The first private sector project to be approved, a renewable energy investment fund in East Africa run by a non-profit company, hopes to direct money to “early stage” local companies to provide off-grid clean energy for rural communities. It puts considerable emphasis on plugging gaps that can hold back investment, such as training for the local financial sector. It also offers a program to protect consumers from losses if start-up companies fail to deliver — the type of measure that could increase confidence in local suppliers and help to accelerate the uptake of renewables.
On the adaptation side, some of the fund’s initial activities also indicate that a positive start has been made. A $38 million scheme to protect coastlines in Tuvalu is central to the country’s adaptation plans. Though it will directly benefit just over 3,000 people, that’s around one-third of the population of a country that climate change threatens with extinction.
Another project to help smallholder farmers in Sri Lanka drew praise from citizens’ groups in the country, who noted that it had been “developed in full consultation with local communities and draws from [their] experience” — a marked contrast to the usual complaints that civil society level at development banks.
The common thread is that the Green Climate Fund could succeed if project developers go the extra mile to consider local needs. Achieving this won’t be easy, given the marginalization of the national institutions (i.e. NDAs) that could have steered the fund in this direction. But it is essential if the fund is to deliver on the national contributions at the heart of the Paris Agreement. Financing national plans is the core purpose of the Green Climate Fund, as the largest “financial mechanism” of the UN Climate convention.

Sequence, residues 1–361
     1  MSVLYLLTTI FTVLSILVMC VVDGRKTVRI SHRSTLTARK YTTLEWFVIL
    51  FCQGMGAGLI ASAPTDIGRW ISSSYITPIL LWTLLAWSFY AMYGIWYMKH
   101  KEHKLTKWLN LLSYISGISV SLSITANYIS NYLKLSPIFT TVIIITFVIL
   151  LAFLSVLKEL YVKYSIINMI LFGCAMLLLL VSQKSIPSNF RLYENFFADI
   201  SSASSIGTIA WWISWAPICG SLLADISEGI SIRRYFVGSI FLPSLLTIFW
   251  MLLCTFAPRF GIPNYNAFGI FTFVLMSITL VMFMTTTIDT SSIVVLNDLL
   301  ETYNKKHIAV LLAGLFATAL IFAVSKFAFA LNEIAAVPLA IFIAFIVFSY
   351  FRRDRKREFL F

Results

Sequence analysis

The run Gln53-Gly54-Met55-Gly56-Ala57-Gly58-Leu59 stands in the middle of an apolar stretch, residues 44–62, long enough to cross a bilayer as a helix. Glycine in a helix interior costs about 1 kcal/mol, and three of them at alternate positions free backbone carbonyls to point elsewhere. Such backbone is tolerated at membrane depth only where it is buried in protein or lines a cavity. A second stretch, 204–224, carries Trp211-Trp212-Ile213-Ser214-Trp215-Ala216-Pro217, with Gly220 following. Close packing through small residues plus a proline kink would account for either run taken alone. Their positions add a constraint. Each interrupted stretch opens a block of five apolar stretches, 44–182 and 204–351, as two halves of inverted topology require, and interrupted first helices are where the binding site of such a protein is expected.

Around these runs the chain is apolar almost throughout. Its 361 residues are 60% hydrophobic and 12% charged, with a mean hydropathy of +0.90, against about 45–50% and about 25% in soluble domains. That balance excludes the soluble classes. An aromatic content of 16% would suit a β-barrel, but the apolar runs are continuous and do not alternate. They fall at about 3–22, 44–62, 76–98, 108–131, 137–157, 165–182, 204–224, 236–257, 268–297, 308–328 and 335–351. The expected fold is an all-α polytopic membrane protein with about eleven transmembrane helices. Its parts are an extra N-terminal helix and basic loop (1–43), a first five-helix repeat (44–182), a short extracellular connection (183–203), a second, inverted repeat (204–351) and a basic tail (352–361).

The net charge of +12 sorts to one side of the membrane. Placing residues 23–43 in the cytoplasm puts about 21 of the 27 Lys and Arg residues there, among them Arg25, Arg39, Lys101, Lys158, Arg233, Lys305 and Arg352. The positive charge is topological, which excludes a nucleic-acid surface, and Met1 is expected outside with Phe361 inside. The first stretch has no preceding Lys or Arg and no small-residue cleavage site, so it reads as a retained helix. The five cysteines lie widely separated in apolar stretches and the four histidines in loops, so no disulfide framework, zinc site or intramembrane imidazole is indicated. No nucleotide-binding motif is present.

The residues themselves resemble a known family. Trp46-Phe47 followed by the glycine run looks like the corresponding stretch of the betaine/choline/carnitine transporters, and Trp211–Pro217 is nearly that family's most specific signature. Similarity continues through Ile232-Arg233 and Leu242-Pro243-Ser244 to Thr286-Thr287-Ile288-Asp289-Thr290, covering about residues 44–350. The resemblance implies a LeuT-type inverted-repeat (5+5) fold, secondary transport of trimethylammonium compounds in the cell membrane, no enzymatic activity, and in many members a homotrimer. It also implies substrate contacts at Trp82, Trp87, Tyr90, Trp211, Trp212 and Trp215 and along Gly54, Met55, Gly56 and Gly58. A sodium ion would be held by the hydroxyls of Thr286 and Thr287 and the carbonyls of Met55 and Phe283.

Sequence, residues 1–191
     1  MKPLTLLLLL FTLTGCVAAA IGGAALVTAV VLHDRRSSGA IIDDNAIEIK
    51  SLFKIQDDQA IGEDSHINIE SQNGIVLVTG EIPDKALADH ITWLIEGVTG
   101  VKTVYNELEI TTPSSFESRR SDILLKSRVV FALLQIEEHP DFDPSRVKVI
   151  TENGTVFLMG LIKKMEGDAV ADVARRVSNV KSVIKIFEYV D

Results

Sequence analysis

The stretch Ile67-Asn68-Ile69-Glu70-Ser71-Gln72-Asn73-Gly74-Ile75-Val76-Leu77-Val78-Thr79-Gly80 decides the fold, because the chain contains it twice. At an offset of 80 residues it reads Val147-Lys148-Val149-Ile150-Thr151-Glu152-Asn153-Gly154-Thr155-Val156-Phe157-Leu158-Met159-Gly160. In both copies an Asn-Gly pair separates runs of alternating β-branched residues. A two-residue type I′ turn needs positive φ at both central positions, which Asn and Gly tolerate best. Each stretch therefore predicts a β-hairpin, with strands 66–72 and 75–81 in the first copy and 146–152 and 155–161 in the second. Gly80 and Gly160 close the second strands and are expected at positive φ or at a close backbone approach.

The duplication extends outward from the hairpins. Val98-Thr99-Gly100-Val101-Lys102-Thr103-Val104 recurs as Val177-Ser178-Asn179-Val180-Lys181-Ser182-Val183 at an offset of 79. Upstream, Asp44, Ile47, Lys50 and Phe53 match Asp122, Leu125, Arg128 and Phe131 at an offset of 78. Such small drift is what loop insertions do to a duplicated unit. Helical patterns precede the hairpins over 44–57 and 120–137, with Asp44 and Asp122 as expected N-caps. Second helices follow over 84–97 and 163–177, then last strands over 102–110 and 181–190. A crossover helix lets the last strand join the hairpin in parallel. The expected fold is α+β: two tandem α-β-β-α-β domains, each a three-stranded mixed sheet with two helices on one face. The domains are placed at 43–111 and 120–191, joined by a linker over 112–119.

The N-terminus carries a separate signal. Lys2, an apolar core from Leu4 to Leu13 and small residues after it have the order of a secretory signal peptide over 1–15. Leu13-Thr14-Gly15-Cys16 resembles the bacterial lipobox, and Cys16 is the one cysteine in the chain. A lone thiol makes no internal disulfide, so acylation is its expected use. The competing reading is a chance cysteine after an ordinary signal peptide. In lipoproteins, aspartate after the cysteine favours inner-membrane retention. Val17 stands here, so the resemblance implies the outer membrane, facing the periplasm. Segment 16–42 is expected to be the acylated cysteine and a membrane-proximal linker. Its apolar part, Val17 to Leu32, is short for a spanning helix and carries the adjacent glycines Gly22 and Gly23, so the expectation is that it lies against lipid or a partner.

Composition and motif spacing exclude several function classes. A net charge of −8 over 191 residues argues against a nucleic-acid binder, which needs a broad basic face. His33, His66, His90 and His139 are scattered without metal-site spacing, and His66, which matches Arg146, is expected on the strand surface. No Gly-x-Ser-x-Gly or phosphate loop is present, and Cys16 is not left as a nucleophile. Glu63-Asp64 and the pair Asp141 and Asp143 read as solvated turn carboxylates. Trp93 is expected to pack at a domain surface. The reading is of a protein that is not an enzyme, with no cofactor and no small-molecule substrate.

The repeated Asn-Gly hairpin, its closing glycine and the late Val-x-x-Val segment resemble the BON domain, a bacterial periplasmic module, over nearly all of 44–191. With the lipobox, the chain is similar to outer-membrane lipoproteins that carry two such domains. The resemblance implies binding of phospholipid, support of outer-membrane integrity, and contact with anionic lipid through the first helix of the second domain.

Confusingly, delivering on national climate plans won’t actually deliver on some of the larger climate aspirations that are written into the Paris Agreement, because there is a huge gap between what individual countries have promised and the collective goal that they have signed up to. The Paris Agreement is so full of holes that it will leave us far short of where we need to be to address climate change.
On climate finance, the Paris Agreement encourages “making finance flows consistent with a pathway towards low greenhouse gas emissions and climate-resilient development.” But that is a job for domestic policy and regulation in developed countries: phasing out fossil fuel subsidies, regulation on emissions limits, better public transport and the like. The Green Climate Fund will never be a significant player in shifting the trillions of dollars that need to be invested in cleaner, greener infrastructure — let alone reorienting the global economy so that it can better deliver public needs rather than short-term profits.
But the fund could — and should — play an important role in funding measures that reduce the harm climate change does to some of the world’s poorest people. Paradoxically, thinking big on climate change means thinking smaller on the Green Climate Fund.